Jobless claims in the US ranged in the millions again last week, but continue to tick downward from the peak seen in mid-March. 1.542 million Americans filed for unemployment claims in the week ended June 6, slightly below expectations of 1.55 million.
Claims for the week before were revised higher from 1.88 million to 1.897 million. 44 million Americans have filed unemployment benefits claims in the last three months according to the Labor Department.
- Claims for the week ended June 6 came in at 1.542 million vs. 1.55 million expected and 1.88 million the week before.
- Continuing claims came in at 20.93 million for the week ended May 30 vs. 20 million expected and 21.27 million the week before.
- Claims are still rising in some areas but steadily decreasing on a national basis.
The jobless claims data follow a surprising report from the Bureau of Labor Statistics revealing 2.5 million additional jobs added to nonfarm payrolls in May, in sharp contrast to the expected losses of 7.5 million. The rate of unemployment fell from 14.7% to 13.3% instead of rising as expected. Continuing claims are also ticking downwards, although not as quickly as expected. Claims continued after an initial week of aid came in at 20.93 million vs. 20 million expected.
Allow me to frame this appropriately:
New jobless claims more than double the worst week in history before 2020. https://t.co/6DGKlN0qwI
— The Hoarse Whisperer (@HoarseWisperer) June 11, 2020
Claims rose in California from 229,000 to 258,000 in the week ended June 6. In Georgia, claims fell from 149,000 to 136,000. Claims in Florida came in at 111,000 and New York reported 94,000 new claims. Claims for Pandemic Unemployment Assistance (PUA), a program covering benefits for those originally ineligible for unemployment insurance, fell from 796,813 to 705,676 in the week ended June 6.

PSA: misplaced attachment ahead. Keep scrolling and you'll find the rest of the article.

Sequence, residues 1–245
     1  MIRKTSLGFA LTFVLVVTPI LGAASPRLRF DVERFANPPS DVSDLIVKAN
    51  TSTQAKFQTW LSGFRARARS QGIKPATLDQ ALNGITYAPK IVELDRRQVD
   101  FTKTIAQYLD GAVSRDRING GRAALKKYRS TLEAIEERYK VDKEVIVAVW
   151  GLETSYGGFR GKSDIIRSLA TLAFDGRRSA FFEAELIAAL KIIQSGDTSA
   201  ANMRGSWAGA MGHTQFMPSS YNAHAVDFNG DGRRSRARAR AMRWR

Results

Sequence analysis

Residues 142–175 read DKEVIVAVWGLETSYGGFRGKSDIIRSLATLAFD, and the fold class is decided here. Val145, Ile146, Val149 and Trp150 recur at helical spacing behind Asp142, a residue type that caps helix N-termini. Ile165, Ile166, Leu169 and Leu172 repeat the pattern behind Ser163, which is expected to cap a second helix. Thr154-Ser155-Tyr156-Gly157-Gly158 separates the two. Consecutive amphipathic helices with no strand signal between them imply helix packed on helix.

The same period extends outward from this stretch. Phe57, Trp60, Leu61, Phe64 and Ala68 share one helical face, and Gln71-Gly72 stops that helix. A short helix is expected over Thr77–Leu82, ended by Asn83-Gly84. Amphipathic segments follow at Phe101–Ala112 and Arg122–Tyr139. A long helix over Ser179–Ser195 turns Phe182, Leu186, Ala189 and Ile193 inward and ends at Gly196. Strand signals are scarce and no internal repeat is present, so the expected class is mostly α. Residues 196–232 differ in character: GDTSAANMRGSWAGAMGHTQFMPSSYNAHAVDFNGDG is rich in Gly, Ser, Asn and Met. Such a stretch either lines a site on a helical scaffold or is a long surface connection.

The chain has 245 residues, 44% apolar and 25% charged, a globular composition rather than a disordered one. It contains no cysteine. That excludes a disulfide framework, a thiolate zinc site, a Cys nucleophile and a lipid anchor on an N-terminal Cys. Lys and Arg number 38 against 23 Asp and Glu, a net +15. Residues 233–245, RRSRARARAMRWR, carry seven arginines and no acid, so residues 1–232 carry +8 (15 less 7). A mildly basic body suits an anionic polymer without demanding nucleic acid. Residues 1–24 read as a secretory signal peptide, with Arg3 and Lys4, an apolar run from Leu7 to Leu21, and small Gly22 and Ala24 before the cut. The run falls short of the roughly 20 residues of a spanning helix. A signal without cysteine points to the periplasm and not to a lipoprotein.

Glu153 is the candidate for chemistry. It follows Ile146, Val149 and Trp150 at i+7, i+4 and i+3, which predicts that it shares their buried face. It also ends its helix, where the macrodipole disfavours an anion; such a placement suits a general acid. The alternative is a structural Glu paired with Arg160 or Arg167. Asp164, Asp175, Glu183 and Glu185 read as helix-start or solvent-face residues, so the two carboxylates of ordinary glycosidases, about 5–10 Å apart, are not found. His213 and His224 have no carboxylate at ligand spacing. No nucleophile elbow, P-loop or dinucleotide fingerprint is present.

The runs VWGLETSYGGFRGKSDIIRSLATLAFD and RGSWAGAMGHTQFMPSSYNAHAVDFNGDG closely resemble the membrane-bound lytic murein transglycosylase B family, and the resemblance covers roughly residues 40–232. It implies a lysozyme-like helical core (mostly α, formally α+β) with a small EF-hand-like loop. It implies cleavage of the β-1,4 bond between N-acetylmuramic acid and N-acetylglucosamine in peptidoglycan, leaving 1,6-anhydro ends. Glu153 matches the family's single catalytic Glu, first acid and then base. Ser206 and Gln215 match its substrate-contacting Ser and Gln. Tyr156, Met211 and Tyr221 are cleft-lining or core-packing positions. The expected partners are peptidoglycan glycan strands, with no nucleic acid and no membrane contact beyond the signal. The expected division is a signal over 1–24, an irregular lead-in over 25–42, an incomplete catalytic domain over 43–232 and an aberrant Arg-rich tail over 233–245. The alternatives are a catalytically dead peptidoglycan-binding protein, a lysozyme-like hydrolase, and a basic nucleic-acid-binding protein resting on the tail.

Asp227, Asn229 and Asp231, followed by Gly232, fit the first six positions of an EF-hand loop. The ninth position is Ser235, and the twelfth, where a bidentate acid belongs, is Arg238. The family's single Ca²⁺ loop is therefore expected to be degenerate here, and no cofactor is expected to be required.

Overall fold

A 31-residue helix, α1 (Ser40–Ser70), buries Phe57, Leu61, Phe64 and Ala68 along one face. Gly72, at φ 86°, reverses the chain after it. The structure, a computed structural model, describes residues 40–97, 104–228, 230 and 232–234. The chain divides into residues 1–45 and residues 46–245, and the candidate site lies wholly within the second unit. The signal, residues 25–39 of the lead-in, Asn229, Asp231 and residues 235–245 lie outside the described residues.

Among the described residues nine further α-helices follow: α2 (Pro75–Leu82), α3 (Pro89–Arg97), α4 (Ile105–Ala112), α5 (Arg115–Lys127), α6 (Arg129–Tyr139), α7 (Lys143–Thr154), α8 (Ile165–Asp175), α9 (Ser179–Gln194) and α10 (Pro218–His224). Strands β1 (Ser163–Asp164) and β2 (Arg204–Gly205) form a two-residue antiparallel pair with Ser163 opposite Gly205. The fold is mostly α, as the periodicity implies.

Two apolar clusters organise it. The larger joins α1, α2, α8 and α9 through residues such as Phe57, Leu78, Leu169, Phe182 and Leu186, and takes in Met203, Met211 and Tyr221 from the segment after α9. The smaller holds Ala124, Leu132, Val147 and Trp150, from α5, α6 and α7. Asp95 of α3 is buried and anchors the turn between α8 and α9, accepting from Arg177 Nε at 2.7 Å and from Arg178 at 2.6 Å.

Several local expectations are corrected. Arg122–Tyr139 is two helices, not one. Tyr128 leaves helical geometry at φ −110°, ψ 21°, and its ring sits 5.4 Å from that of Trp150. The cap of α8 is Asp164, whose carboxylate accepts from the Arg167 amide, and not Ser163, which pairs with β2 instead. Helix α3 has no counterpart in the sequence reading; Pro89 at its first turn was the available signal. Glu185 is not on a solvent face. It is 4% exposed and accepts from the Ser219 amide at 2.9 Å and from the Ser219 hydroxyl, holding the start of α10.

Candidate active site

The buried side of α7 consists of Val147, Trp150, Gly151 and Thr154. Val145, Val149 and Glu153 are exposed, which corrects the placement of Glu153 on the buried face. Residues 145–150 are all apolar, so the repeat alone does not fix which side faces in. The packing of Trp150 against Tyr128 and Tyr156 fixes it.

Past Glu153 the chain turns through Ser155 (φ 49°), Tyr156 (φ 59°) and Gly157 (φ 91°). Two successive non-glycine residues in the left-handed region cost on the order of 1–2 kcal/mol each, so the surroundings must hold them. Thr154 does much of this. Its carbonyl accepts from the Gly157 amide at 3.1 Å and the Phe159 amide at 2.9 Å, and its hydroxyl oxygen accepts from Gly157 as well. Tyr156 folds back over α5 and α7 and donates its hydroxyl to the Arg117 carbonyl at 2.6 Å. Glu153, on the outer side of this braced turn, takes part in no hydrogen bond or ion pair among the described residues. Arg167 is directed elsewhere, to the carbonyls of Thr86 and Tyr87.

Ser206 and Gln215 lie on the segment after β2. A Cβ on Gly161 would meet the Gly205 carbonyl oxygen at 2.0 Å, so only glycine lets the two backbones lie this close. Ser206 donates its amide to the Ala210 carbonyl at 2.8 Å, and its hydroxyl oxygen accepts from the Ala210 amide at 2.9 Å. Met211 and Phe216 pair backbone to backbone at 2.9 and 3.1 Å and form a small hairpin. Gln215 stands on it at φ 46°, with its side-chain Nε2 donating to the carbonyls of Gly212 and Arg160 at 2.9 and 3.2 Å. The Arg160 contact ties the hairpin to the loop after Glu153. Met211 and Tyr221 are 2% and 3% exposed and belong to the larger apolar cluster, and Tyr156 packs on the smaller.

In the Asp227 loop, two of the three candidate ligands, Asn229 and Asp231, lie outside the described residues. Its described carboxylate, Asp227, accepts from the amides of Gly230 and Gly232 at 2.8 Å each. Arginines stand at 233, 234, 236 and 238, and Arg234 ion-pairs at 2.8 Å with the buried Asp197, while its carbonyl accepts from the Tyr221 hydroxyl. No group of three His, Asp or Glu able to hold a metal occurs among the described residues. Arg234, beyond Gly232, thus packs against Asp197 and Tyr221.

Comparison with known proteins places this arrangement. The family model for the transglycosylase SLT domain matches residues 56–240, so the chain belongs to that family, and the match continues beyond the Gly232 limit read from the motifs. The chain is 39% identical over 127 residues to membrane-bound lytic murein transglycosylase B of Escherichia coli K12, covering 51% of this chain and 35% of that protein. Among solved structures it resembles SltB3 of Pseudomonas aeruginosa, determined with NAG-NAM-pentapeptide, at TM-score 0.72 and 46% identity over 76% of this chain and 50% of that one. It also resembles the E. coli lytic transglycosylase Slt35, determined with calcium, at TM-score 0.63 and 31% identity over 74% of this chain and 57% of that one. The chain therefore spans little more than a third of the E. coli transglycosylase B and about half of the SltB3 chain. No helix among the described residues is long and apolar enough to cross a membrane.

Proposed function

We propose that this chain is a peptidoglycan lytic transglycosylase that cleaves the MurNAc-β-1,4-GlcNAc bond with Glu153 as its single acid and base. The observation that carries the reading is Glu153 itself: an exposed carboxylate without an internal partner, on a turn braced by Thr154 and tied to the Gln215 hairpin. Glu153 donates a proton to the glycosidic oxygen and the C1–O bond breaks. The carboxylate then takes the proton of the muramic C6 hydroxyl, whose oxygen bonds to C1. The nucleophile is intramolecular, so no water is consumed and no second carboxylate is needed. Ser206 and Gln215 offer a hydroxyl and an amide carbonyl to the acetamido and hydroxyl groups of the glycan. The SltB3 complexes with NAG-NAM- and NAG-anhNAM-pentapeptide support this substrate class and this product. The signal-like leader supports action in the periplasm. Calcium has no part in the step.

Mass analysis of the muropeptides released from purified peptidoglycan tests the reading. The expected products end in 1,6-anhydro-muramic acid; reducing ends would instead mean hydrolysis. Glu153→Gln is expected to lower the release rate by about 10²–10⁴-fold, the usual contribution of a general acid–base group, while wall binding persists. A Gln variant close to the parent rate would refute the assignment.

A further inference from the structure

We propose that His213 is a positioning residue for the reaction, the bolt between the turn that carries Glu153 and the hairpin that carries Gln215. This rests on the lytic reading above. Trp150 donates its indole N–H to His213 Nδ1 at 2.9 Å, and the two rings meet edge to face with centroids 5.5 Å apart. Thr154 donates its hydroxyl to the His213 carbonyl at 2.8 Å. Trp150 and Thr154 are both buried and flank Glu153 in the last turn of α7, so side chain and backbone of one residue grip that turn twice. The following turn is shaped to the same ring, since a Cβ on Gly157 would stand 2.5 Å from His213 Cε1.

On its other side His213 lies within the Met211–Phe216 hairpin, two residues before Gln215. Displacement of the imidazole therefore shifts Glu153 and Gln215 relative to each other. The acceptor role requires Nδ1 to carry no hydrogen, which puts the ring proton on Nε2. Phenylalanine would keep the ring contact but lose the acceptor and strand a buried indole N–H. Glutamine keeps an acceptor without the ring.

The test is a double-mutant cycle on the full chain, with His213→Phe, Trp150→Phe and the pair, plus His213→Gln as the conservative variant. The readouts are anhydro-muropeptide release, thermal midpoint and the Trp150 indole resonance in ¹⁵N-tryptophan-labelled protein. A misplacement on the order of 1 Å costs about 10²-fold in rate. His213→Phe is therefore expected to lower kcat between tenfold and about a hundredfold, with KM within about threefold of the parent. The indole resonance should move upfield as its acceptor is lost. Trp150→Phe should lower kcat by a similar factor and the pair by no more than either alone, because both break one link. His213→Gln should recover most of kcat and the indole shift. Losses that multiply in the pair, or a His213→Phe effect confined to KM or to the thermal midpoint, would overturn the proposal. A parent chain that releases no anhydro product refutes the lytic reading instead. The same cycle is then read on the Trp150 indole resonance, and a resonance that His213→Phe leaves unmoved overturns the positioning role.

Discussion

As the US economy begins to reopen, the labor market is starting to recover slightly. However, the timeline for the expected recovery is still quite uncertain. Where the US had a booming labor market just 3 months ago with unemployment near a 50 year low, the labor market will take years to get back into a healthy position, with no indication as to how or when things will return to late 2019 conditions.
Nomura economist Lewis Alexander stated that the labor market hit a low in mid-May, and that rehiring was now accelerating with more businesses reopening throughout the economy during that time.
“That said, the persistent elevated readings of initial jobless claims highlight significant ongoing strain and we expect the unemployment rate to remain in double digits into 2021,” he added “A persistent decline in the PUA claims as we’ve seen in the regular claims data would further increase our conviction in the labor market stabilization and suggest processing backlogs have been cleared. Similarly, stabilization in PUA continuing claims would signal re-employment for gig workers, but this is not our base case in next week's report.”
Gold pared losses in today’s market, despite the somewhat promising labor news. Spot gold last traded at $1,736.07/oz, down -0.07% with a high of $1,739.42/oz and a low of $1,712.94/oz. Gold prices came under pressure from rising producer price inflation, which is a leading indicator of inflation in consumer prices.